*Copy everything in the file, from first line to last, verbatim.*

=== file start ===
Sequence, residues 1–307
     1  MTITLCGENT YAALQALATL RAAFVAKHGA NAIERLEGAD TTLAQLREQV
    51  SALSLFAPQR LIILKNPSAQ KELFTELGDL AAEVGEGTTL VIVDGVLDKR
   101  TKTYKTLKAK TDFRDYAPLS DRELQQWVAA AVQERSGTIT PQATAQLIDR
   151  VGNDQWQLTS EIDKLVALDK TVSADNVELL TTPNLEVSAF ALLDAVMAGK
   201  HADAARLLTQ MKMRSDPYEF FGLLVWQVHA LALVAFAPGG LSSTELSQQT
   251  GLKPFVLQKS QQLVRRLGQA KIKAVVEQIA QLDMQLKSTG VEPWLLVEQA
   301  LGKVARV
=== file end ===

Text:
Sequence, residues 1–307
     1  MTITLCGENT YAALQALATL RAAFVAKHGA NAIERLEGAD TTLAQLREQV
    51  SALSLFAPQR LIILKNPSAQ KELFTELGDL AAEVGEGTTL VIVDGVLDKR
   101  TKTYKTLKAK TDFRDYAPLS DRELQQWVAA AVQERSGTIT PQATAQLIDR
   151  VGNDQWQLTS EIDKLVALDK TVSADNVELL TTPNLEVSAF ALLDAVMAGK
   201  HADAARLLTQ MKMRSDPYEF FGLLVWQVHA LALVAFAPGG LSSTELSQQT
   251  GLKPFVLQKS QQLVRRLGQA KIKAVVEQIA QLDMQLKSTG VEPWLLVEQA
   301  LGKVARV